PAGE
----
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how to get an analytical solution

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Darcy Chou
Darcy Chou on 26 Jun 2018
Commented: Ameer Hamza on 26 Jun 2018
syms tp t
NN=((exp(-1.45*10^(-4)*tp^1.274))^1.5)/2
z=4/3*pi*NN*(t-tp)^3
Z=int(z,tp,0,t)
output is
Z =
int((2*pi*exp(-(2674777890687885*tp^(637/500))/18446744073709551616)^(3/2)*(t - tp)^3)/3, tp, 0, t)
that is not an analytical solution, then how can I get the analytical solution?
If t=10 ,how to get the numerical solution?
Thanks for reading.
  1 Comment
Walter Roberson
Walter Roberson on 26 Jun 2018
You cannot expect analytic solutions when you use exponents that are floating point numbers, as calculus does not define integrals with floating point exponents.
You should not be asking for an analytic integral for any expression that involves any floating point constants at all. If you want to express uncertainty in value (floating point values need to be considered as uncertain) then replace the floating point numbers with rationals plus a symbolic uncertainty.

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Accepted Answer

Ameer Hamza
Ameer Hamza on 26 Jun 2018
The existence of an analytical solution is not always necessary. I cannot prove mathematically but it might be the case that this function does not have an analytical solution at all. It might also be the limitation of MATLAB symbolic engine. In the first case, there is not much you can do other than resorting to the numerical solution. In the second case, you may try some other symbolic math engine. As far as the numerical result is concerned, you can get it as with integral().
syms tp t
NN=((exp(-1.45*10^(-4)*tp^1.274))^1.5)/2;
z=4/3*pi*NN*(t-tp)^3;
Z=int(z,tp,0,t);
Z_function = matlabFunction(z);
Z_numerical = integral(@(tp) Z_function(10, tp), 0, 10);
  2 Comments

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More Answers (2)

KSSV
KSSV on 26 Jun 2018
syms tp t
NN=((exp(-1.45*10^(-4)*tp^1.274))^1.5)/2 ;
z=4/3*pi*NN*(t-tp)^3 ;
Z=int(z,0,t)
subs(Z,'t',10)
  4 Comments
Darcy Chou
Darcy Chou on 26 Jun 2018
Z=int(z,tp,0,t)
in this syntax, z is the integrand and tp is the variable of integration,
Z is a definite integral whose upper limit is the variable t.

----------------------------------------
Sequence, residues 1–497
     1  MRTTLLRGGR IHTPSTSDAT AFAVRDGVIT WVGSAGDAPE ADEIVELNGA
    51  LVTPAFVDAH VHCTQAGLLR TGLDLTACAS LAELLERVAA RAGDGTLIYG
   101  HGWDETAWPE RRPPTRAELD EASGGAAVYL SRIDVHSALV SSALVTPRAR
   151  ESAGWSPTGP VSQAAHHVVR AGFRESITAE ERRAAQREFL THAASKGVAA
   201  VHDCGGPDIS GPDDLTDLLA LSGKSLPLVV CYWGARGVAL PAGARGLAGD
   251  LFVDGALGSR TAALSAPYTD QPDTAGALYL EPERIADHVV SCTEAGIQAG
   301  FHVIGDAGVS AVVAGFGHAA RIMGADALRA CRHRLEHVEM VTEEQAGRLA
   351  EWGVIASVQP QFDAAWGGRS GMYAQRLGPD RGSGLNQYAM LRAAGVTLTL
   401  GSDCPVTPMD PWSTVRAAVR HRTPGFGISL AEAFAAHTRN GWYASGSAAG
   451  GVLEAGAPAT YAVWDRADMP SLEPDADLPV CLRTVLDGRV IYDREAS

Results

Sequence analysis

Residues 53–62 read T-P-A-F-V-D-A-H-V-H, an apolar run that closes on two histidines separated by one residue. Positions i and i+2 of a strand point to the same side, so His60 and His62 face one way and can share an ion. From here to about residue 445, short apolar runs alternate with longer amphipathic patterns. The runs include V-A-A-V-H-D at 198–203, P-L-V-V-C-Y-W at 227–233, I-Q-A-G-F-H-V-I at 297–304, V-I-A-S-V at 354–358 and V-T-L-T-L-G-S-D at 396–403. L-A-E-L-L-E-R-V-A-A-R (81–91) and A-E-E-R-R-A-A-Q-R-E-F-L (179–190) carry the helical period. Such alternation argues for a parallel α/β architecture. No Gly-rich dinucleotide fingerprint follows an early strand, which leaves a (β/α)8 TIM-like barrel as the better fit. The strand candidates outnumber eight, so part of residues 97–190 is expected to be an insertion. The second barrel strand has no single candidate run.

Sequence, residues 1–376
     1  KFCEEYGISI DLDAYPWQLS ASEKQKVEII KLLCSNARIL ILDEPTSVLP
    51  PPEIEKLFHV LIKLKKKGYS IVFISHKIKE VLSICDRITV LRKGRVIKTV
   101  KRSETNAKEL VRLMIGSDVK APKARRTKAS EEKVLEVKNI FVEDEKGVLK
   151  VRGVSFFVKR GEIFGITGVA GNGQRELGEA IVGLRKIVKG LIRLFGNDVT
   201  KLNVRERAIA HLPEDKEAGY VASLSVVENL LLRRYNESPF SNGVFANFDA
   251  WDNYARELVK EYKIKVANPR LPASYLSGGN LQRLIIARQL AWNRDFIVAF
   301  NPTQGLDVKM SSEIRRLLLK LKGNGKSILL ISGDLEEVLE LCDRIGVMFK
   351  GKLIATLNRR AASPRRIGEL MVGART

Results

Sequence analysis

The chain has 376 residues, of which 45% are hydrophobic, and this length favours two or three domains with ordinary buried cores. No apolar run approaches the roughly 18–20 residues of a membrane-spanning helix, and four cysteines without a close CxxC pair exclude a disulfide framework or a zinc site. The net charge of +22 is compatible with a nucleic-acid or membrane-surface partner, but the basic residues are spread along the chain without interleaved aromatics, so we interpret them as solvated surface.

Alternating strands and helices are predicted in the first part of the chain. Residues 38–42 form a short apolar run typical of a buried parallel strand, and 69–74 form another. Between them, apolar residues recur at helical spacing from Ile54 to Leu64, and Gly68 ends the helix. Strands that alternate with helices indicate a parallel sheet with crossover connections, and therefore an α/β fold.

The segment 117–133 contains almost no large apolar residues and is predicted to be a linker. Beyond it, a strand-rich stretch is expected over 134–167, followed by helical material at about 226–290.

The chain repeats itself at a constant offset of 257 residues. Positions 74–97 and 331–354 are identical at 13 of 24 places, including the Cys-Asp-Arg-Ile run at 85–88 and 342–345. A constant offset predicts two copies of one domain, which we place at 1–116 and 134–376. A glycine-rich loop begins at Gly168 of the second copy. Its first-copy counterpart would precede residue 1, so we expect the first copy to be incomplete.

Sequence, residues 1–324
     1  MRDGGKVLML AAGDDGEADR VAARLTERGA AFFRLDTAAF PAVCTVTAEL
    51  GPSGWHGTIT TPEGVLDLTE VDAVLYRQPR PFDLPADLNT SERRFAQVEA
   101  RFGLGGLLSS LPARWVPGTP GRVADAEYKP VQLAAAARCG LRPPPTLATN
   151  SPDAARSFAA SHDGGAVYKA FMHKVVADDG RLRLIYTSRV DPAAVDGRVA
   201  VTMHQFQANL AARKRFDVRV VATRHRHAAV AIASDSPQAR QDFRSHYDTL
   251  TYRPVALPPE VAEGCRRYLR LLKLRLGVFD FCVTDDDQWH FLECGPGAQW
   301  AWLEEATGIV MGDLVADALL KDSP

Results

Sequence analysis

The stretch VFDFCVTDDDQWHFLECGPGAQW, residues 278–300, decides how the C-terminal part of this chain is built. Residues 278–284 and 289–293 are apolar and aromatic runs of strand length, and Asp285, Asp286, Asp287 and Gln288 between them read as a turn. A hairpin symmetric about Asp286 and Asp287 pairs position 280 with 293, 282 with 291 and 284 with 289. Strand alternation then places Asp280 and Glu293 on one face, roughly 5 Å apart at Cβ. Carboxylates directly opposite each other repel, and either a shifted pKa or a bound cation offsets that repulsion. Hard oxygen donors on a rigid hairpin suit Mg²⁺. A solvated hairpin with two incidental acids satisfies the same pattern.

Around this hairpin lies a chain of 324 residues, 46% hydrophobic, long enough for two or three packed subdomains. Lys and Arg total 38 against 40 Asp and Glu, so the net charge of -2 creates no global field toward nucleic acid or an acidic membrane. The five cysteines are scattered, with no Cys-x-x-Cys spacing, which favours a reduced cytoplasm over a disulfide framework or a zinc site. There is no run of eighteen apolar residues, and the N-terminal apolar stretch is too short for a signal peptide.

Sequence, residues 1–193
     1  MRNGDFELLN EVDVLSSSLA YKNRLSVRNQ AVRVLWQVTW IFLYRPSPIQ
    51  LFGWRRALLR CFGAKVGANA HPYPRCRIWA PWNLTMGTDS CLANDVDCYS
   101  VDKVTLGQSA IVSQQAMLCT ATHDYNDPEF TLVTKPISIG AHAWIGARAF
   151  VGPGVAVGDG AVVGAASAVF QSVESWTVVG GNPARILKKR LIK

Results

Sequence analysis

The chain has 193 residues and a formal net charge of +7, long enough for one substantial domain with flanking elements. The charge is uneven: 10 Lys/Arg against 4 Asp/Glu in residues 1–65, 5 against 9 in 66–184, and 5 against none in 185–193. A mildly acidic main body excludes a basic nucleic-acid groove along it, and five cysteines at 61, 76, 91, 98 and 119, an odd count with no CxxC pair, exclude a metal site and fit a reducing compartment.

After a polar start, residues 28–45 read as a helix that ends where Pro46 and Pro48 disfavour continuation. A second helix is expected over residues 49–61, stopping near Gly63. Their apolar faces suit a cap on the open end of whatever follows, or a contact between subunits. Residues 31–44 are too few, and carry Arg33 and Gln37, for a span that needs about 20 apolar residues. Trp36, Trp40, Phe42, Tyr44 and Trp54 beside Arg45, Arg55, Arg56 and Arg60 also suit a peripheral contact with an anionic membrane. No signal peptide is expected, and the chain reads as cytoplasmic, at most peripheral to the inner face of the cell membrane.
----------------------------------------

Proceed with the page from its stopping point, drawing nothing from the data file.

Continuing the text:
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Walter Roberson
Walter Roberson on 26 Jun 2018
You have
NN=((exp(-1.45*10^(-4)*tp^1.274))^1.5)/2
Remember that exp(A*x)^B is the same as exp(A*B*x), so you can bring the 1.5 inside, forming
NN=exp(-1.5*1.45*10^(-4)*tp^1.274)/2
Now introduce a symbolic variable A and rewrite this as
syms tp nonnegative
syms A positive
NN = exp(-A*tp^sym(1.274)) / 2
for A = 1.5*1.45*10^(-4) but leave A as symbolic at the moment.
Then look at
z=4/3*pi*NN*(t-tp)^3
and see that this can be rewritten as
z = B * exp(-A*tp^sym(1.274)) * (t-tp)^3
for B = 4/3*pi/2
Now you want int(z, tp, 0, t)
which is int(B * exp(-A*tp^sym(1.274)) * (t-tp)^3, tp, 0, t)
which is B * int(exp(-A*tp^sym(1.274)) * (t-tp)^3, tp, 0, t)
And it turns out that MATLAB can calculate
temp = int(exp(-A*tp^sym(1.274)) * (t-tp)^3, tp, 0, t)
fairly quickly.
So the overall result is 4/3*pi/2 * subs(temp, A, 1.5*1.45*10^(-4))
  3 Comments
Ameer Hamza
Ameer Hamza on 26 Jun 2018
Wolfram Alpha does produce a solution for indefinite integral of the form
int(exp(A*tp^1.274)*(t-tp)^3, tp)
in term of gamma function. Although gamma function is itself defined in term of an integral for most cases.
I cannot find the required definite integral because its calculation requires a pro license. But I guess maple or Mathematica might be able to give a solution for the definite integral. Although I am not sure whether such a solution will be useful for any practical purpose.
Also from @Darcy comment, it appears that the result will later be used in a numerical optimization problem. Since you are eventually using a numerical optimization algorithm, it might be better to also use numerical integration techniques instead of searching for a closed form solution.

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